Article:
These strata that I just described were based primarily on class, but within them was another dominant category of difference—race. Whites were divided into two categories: those born in France and the “creoles” born in the Caribbean. I need to quickly break down this term “creole,” as it’s often quite confusing in how it appears in historical writings. The description I began with was the literal usage—born in the New World, or in this case, the Caribbean—and it applied to anyone, regardless of race. Many people in the eighteenth century used it as pejorative, as being born in the Americas was viewed as damaging to a person’s intelligence or even their genes. Historians tend to use “creole” to refer to a type of culture, usually one that mixes elements from the Old World (Europe) and the New World (the Americas) to create something new. It can also be a type of language based upon a variety of influences, such as the Kreyolspoken in modern Haiti (which is based upon French and several African languages) or Papiamentu, spoken in the Dutch Caribbean islands of Aruba, Bonaire, and Curaçao. Another usage of creole is as a type of cuisine, such as the foods from Louisiana. Creole can also be a unique, regional way of doing things.
Anyway, to continue talking about the racial system of the Caribbean, let’s consider African-descended people. Like whites, they were also divided into categories, but these divisions were much more complex. At the lowest tier were the African men, women, and children who survived the Middle Passage. Derogatorily referred to as “saltwater slaves” in the British Caribbean, they were often derided as lazy or incalcitrant, in part because they struggled with the French language. Next were the creole slaves, individuals born in the Caribbean, and they were viewed by slaveholders as being most adapted to the demands of the plantation economy.
Because of a pattern of sexual exploitation of enslaved women by white men, there were many mixed-race children in the colonial world. Almost all of these children were born into slavery, but this only happened after a significant change to the French legal system that was specific to the colonies. For centuries in France (as with most European societies), a person’s status had been dependent upon the father, a so-called “patrilineal” system. So, if your father was a noble, you had the possibility of inheriting his land or titles, even if your mother was of a lower class. However, early French colonists quickly realized that this would have destroyed the future of slavery in the colonies, as it meant that all children born to enslaved women with a white father would have been free. So, the law was changed to follow a matrilineal system that had children inherit the status of their mother, ensuring the continued growth of the enslaved population, and also building the practice of fathers enslaving their children.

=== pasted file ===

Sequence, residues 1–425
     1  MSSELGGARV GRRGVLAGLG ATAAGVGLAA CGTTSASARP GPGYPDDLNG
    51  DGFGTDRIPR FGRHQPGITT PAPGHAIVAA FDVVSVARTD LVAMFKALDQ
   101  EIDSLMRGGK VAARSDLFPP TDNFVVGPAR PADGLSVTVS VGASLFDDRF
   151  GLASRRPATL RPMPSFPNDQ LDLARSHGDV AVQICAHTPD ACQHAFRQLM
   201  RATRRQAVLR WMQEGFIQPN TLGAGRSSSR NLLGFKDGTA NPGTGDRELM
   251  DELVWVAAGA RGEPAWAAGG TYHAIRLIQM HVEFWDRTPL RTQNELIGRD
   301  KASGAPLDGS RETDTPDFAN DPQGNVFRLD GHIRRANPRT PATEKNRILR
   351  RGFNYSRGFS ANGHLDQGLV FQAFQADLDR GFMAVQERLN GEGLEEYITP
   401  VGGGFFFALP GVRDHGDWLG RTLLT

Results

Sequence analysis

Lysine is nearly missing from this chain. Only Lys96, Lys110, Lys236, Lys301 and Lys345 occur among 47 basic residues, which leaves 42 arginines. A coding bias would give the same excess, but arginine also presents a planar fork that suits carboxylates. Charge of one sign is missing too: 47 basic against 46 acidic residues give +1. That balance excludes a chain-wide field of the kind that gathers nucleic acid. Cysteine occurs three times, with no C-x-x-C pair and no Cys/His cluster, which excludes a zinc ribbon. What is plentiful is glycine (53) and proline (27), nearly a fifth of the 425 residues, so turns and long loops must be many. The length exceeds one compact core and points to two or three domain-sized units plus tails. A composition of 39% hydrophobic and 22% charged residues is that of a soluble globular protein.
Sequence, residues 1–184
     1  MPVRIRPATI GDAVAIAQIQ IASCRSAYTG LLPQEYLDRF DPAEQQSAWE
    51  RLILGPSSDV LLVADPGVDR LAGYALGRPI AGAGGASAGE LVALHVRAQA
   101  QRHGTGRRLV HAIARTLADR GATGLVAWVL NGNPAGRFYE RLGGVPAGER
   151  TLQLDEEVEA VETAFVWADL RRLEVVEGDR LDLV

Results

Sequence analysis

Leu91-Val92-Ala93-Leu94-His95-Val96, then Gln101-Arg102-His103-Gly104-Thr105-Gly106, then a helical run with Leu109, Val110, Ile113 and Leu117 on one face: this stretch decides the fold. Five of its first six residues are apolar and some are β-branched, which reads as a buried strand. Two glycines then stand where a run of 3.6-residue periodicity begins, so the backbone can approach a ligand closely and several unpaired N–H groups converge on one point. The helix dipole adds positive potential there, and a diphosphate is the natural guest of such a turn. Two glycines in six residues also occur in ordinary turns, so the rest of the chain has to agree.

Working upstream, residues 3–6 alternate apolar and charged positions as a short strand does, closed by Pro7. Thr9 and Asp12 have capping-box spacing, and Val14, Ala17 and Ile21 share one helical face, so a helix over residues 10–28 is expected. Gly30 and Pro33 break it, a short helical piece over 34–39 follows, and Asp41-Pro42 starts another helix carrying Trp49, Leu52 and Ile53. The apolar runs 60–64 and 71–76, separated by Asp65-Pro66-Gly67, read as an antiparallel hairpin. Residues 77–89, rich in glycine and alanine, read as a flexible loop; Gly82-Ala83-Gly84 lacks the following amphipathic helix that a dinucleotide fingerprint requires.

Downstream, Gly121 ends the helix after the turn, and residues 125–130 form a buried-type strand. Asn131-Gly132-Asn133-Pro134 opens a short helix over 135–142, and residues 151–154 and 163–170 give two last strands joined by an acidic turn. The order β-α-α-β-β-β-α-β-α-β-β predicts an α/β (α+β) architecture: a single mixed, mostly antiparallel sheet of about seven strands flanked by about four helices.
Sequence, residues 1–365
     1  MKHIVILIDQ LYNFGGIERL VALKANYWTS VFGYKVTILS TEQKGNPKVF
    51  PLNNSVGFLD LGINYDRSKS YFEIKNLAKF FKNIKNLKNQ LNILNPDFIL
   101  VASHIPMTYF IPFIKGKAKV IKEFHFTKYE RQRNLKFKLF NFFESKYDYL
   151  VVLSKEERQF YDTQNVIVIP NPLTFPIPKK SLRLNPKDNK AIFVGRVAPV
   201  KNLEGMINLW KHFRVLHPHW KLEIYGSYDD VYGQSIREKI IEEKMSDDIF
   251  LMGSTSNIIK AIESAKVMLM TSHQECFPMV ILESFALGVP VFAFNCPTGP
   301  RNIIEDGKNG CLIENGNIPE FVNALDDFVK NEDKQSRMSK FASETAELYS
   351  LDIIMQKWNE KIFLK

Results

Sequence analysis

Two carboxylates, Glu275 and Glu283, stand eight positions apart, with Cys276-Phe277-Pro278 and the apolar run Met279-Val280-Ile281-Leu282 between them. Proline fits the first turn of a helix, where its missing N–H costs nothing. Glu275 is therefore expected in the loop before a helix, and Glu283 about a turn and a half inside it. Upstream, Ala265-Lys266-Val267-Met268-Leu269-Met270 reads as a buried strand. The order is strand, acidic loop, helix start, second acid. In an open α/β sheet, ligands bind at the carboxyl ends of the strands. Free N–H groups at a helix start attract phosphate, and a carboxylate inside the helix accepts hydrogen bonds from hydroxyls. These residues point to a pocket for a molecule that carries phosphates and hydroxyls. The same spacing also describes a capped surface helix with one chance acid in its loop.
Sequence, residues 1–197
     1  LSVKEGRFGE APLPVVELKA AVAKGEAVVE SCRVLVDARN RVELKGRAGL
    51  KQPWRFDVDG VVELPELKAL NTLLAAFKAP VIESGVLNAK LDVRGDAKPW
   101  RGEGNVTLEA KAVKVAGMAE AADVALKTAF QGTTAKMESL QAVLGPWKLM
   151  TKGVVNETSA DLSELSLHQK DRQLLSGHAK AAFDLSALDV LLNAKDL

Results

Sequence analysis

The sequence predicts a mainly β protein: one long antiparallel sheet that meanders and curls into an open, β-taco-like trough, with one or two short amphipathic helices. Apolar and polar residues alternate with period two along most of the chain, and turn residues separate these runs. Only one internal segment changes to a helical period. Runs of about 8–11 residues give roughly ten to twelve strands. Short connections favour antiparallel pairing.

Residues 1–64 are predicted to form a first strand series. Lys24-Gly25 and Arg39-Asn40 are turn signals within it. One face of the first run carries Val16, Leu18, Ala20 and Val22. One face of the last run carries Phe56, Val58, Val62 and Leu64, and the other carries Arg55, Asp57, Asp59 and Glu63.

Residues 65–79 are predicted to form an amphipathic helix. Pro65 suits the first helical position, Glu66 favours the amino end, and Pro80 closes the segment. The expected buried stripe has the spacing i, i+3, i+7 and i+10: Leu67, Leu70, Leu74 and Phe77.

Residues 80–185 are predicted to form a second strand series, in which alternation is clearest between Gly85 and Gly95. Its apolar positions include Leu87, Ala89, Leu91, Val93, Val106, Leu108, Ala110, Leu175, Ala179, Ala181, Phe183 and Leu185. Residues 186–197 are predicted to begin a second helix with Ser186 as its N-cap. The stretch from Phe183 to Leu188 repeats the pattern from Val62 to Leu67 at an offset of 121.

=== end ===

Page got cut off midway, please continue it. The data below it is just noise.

The children born with one white and one Black parent were referred to as a mulâtre, or “mulatto,” a term we consider derogatory in the modern era. Over generations, their descendants were further categorized based upon the fraction of African or European heritage, from 7/8s African all the way to 1/64. In Saint-Domingue there were nine named gradations, whereas in Guadeloupe and Martinique there were five.
Although this was clearly a terrible system of racial discrimination, one that tilted the racial scale to value whiteness over Blackness, there were opportunities for African-descended people. The African-descended people who became free—either by manumission or by purchasing their liberty—could hold property, run businesses, and even own slaves. And, unlike in the American South, where the infamous “one drop rule” defined a person’s racial status as “Black” if they had any African heritage whatsoever, free people of color in the Caribbean could, in the eyes of the law, “become white.” This was based both upon someone’s racial heritage and upon their wealth. Indeed, because of their wealth and assumption of whiteness, Saint-Domingue’s free people of color allied with the petit blancs against the revolting slaves during the earliest stages of the Haitian Revolution in 1794.